Selecting the correct glove for your job

Next to our eyes, our hands are probably the most important part of our body when it comes to doing our work. They’re involved in almost everything we do. Yet many of the things we do with our hands are done without any deliberate thought. Your hands have no fear. They’ll go anyplace they’re sent and they only act as wisely as the person to whom they belong. So, before you use your hands think of their safekeeping.

Consider, each year more than one million U.S. workers receive emergency room treatment for acute hand injuries. Nearly 70 percent of the workers who experienced hand injuries were not wearing gloves. The remaining 30 percent of injured workers were wearing gloves that were either damaged or inadequate for the task being performed. In an effort to prevent such workplace injuries, the Occupational Safety and Health Administration (OSHA) implemented the hand protection standard (29 CFR 1910.138) which mandates that employers provide and require employees to use appropriate hand protection when employees’ hands are exposed to any of the following hazards:

  • Skin absorption of harmful substances (e.g., chemicals or infectious materials)
  • Severe cuts or lacerations
  • Severe abrasions or punctures
  • Chemical burns or thermal burns
  • Harmful temperature extremes

When selecting proper hand protection it is important to choose the right type of glove for each specific task, since no one glove protects against all hazards. Consult the relevant Safety Data Sheet (SDS) which may recommend a particular glove material. Otherwise, select gloves that are resistant to the chemicals with which you are working. Listed below are general rules to follow when hand protection is needed:

  • Select gloves of the correct size and fit; gloves that are too small are uncomfortable and may tear, whereas gloves that are too large may interfere with dexterity.
  • Before use, check gloves (even new ones) for physical damage, such as, tears or pin holes and for previous chemical damage.
  • When removing gloves, do so in a way that avoids the contaminated exterior contacting the skin.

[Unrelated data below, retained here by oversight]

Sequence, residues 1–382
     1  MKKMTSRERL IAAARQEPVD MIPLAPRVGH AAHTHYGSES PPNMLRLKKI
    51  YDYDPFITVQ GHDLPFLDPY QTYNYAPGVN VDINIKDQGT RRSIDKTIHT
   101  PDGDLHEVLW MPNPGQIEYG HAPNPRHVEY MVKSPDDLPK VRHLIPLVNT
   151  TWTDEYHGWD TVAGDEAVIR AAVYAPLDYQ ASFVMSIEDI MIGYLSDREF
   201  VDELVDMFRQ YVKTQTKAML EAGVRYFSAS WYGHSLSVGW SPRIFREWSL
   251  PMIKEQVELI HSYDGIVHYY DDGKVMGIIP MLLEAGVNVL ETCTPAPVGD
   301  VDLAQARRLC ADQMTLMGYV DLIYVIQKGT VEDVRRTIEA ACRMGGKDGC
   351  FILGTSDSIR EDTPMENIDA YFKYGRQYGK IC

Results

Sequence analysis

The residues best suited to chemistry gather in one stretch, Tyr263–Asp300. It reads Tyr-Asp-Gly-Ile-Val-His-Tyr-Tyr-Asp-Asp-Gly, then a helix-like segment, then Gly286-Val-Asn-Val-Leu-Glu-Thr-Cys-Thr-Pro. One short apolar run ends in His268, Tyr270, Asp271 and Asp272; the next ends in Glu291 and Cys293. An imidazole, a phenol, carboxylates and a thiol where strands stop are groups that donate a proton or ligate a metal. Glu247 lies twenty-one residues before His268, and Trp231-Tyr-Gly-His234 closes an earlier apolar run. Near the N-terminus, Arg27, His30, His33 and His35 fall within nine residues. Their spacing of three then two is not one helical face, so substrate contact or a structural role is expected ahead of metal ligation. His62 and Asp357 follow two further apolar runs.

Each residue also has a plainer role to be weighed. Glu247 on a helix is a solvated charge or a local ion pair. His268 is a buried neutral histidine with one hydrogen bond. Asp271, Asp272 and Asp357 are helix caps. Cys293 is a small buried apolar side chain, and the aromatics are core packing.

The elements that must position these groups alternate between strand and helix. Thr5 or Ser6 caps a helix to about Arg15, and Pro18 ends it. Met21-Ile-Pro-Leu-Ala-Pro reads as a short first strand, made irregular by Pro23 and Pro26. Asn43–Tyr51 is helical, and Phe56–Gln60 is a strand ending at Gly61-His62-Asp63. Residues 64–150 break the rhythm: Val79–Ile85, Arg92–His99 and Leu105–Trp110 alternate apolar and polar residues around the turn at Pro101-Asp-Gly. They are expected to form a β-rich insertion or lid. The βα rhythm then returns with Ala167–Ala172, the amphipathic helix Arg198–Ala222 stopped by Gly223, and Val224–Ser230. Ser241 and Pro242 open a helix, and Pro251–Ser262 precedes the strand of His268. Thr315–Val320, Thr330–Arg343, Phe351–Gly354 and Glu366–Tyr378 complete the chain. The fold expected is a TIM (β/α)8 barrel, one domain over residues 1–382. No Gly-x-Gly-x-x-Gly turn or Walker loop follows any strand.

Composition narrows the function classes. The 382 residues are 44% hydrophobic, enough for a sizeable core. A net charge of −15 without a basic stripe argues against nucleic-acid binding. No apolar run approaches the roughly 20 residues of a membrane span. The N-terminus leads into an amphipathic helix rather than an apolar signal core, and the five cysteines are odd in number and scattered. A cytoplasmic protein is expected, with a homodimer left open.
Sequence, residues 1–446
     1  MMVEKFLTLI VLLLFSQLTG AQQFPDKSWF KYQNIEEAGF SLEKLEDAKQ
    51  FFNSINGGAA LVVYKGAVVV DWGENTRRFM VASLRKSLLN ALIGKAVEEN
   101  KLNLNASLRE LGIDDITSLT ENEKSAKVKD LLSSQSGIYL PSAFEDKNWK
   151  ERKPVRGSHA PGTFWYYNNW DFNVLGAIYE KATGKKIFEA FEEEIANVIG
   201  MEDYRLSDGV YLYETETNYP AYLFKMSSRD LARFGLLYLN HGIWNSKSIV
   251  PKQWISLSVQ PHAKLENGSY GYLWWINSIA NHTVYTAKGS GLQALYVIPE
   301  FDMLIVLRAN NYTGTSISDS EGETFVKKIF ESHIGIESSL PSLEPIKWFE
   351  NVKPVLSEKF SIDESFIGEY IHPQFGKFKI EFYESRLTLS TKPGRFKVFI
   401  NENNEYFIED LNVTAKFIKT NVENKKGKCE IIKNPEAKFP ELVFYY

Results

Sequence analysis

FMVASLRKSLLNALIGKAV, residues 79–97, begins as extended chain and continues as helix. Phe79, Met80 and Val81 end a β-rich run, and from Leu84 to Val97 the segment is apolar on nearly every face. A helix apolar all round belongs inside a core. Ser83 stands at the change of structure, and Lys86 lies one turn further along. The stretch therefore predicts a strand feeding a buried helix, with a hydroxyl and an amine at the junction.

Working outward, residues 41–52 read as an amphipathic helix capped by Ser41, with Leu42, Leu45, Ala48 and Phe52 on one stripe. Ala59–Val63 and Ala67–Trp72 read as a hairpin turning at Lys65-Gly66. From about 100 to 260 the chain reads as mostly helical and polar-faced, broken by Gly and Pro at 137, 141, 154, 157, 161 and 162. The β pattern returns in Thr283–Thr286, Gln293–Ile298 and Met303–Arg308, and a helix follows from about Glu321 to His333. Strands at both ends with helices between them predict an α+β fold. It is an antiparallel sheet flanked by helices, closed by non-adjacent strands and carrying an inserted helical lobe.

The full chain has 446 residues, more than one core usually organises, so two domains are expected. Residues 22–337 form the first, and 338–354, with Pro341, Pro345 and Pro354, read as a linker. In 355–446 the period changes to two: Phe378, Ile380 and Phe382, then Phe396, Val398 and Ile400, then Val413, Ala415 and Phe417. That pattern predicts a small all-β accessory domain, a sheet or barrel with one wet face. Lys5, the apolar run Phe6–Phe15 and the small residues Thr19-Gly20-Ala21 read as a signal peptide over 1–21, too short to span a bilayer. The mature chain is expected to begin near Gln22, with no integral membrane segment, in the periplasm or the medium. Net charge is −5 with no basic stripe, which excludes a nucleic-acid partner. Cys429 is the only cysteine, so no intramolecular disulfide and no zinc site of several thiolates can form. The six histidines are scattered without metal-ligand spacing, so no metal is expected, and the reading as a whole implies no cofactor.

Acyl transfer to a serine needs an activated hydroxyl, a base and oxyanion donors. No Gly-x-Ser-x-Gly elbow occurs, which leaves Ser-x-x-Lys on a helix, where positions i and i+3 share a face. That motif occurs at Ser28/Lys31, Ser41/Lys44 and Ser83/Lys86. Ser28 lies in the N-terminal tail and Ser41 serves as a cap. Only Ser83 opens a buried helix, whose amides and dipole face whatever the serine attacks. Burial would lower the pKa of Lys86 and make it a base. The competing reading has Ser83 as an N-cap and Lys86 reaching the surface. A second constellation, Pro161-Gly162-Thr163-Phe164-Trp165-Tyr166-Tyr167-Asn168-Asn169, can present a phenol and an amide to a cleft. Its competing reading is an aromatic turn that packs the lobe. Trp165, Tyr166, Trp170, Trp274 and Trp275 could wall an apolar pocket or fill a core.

• Wash hands after removing gloves.
  • Dispose of contaminated gloves properly.
  • Do not attempt to re-use disposable gloves.
  • Never wear possibly contaminated gloves outside of the work area or to handle
    telephones, computer keyboards, etc.

Once you have selected the correct gloves, care must be taken to inspect, maintain, and determine when to discard them. Gloves should be checked for physical damage before each use to ensure they are not torn, punctured or made ineffective in any way. Non-disposable gloves that are discolored or stiff may also indicate deficiencies caused by excessive use or degradation from chemical exposure.

The following chart provides guidance on glove selection.

 Glove Material Chemical Resistance Recommended Uses Disadvantages
Polyvinyl Chloride (PVC) Medium general resistance Acids, bases, salts, alcohols, amines, peroxides, petroleum hydrocarbons. Poor for most organics, aromatics, aldehydes and ketones.
Nitrile Some organics Organics, oils, greases, aliphatic chemicals, xylene, perchloroethylene, trichloroethane, toluene, some acids and bases, some biohazardous materials Material not good with many ketones, benzene, methylene chloride and trichloroethane
Neoprene Medium general resistance Acids, alcohols, oils, solvents, esters, greases, and animal fats. Not good with many chlorinated solvents, ethers, ketones and aromatics
Viton Organic solvents Aromatics, chlorinated solvents, aliphatics and alcohols Poor physical properties, not good with some ketones, esters and amine
Butyl Polar organics Gas or water vapors, ketones, esters, and highly corrosive acids. Not good with hydrocarbons or halogenated solvents
Polyvinyl Alcohol (PVA) Organics Strong solvents, including aromatics, aliphatics and chlorinated solvent Not good with alcohols, acids, bases.
Silver Shield High general resistance Hazmat Poor fit, stiff and easily punctured.

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